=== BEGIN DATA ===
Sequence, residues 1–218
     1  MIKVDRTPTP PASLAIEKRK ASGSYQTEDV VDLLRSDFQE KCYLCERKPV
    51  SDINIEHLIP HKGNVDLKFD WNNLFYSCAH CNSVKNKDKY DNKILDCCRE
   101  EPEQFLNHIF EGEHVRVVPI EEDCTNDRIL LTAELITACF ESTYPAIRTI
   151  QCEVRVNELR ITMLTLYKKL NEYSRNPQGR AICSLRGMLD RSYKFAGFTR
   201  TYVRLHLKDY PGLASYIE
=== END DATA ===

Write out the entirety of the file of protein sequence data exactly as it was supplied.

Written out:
Sequence, residues 1–218
     1  MIKVDRTPTP PASLAIEKRK ASGSYQTEDV VDLLRSDFQE KCYLCERKPV
    51  SDINIEHLIP HKGNVDLKFD WNNLFYSCAH CNSVKNKDKY DNKILDCCRE
   101  EPEQFLNHIF EGEHVRVVPI EEDCTNDRIL LTAELITACF ESTYPAIRTI
   151  QCEVRVNELR ITMLTLYKKL NEYSRNPQGR AICSLRGMLD RSYKFAGFTR
   201  TYVRLHLKDY PGLASYIE